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Thursday, March 22, 2018

First optical AI system built

By Nick Flaherty www.flaherty.co.uk

Optalysys in Yorkshire, UK, has successfully built the world’s first implementation of a Convolutional Neural Network using their Optical Processing Technology.

Convolutional Neural Networks, or CNNs, are used for image and pattern recognition in applications such as Autonomous Vehicles, Weather Forecasting and Medical Image Analysis. These models are computationally extremely intensive, particularly for complex models, where there can be many convolutional “layers” to process.

While GPUs offer considerable advantages over conventional processors, they are limited by the breakdown of Moore’s Law and energy usage.

Optalysys’s optical processing technology is a fundamentally different approach using energy efficient laser light rather than silicon as the processing medium. This delivers speed improvements of several orders of magnitude over conventional computing at a fraction of the energy consumption.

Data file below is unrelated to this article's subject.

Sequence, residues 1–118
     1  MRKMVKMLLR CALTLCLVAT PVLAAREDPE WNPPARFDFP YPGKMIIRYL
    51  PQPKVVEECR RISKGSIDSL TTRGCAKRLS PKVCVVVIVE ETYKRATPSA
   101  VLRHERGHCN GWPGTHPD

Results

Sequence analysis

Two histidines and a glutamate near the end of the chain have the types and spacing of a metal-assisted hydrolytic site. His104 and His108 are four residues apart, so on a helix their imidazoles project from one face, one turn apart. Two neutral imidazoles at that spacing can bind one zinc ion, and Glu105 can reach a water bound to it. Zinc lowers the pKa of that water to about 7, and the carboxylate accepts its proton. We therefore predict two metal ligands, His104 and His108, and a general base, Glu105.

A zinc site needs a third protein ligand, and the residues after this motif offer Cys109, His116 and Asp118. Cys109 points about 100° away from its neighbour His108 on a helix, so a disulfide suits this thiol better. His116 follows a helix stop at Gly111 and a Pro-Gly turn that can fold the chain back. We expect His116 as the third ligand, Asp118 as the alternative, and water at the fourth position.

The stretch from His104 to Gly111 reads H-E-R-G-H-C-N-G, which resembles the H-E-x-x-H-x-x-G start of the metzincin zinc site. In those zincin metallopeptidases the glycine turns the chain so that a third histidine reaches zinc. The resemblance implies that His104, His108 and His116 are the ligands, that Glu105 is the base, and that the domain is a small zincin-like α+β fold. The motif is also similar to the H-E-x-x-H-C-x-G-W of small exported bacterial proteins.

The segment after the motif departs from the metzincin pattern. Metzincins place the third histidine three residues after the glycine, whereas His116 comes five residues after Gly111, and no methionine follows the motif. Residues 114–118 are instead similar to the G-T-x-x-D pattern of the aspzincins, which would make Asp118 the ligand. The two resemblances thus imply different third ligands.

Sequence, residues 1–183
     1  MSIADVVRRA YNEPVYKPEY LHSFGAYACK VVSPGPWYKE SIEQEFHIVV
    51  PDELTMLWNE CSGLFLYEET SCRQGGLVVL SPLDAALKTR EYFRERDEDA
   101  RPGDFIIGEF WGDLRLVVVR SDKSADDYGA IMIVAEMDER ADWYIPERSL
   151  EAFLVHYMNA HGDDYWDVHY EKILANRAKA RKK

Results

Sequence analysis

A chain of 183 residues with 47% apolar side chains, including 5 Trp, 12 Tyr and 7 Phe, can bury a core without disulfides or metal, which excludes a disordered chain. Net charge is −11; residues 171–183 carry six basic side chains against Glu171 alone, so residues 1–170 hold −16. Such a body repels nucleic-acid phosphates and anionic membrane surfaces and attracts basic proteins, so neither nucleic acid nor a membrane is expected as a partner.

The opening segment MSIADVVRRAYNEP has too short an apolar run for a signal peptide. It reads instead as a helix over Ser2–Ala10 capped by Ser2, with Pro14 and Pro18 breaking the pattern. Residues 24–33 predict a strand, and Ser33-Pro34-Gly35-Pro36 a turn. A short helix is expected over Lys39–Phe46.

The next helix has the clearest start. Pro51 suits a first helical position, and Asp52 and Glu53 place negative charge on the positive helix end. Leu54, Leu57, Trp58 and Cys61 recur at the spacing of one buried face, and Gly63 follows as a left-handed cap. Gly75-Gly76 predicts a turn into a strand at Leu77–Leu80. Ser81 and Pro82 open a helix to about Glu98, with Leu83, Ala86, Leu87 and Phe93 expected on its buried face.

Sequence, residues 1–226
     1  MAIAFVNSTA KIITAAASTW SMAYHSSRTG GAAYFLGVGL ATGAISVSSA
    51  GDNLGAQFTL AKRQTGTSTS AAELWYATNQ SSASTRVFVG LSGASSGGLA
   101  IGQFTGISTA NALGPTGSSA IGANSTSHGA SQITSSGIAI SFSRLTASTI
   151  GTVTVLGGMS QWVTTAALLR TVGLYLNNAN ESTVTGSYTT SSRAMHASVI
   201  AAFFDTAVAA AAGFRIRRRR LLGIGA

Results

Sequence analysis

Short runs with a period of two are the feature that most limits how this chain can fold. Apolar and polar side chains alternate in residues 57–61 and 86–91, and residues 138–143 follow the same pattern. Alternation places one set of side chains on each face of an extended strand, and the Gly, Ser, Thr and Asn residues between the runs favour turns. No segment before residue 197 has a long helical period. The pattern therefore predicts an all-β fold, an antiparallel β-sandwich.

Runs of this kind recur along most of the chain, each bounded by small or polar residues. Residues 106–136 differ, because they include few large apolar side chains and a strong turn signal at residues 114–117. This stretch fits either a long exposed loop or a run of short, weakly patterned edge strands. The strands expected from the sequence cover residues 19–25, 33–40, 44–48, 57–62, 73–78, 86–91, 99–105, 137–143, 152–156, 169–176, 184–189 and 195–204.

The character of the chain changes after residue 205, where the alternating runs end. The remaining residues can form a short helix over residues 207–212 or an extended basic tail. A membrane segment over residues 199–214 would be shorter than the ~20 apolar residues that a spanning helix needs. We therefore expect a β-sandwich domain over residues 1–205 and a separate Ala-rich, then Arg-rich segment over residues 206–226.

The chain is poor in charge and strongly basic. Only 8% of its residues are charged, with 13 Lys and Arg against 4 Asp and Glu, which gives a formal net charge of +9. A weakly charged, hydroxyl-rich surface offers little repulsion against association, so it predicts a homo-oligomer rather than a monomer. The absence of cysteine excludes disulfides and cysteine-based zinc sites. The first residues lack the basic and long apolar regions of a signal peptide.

“This is a hugely significant leap forward for the field of AI and clearly demonstrates the global potential for our Enabling Technology.” said Dr. Nick New, founder and CEO of Optalysys. “Optalysys has for the first time ever, applied optical processing to the highly complex and computationally demanding area of CNNs with initial accuracy rates of over 70%. Through our uniquely scalable and highly efficient optical approach, we are developing models that will offer whole new levels of capability, not only cloud-based but also opening up the extraordinary potential of CNNs to mobile systems.”

The demonstration successfully shows the Optalysys Optical Processing Technology processing a CNN, using the popular MNIST data set of hand-drawn numerals, which contains 60,000 training characters and 10,000 testing characters.

The Optical Computing Platforms uses a coprocessor based on an established diffractive optical approach that uses the photons of low-power laser light instead of conventional electricity and its elctrons. This inherently parallel technology is highly scalable for CNNs architectures.



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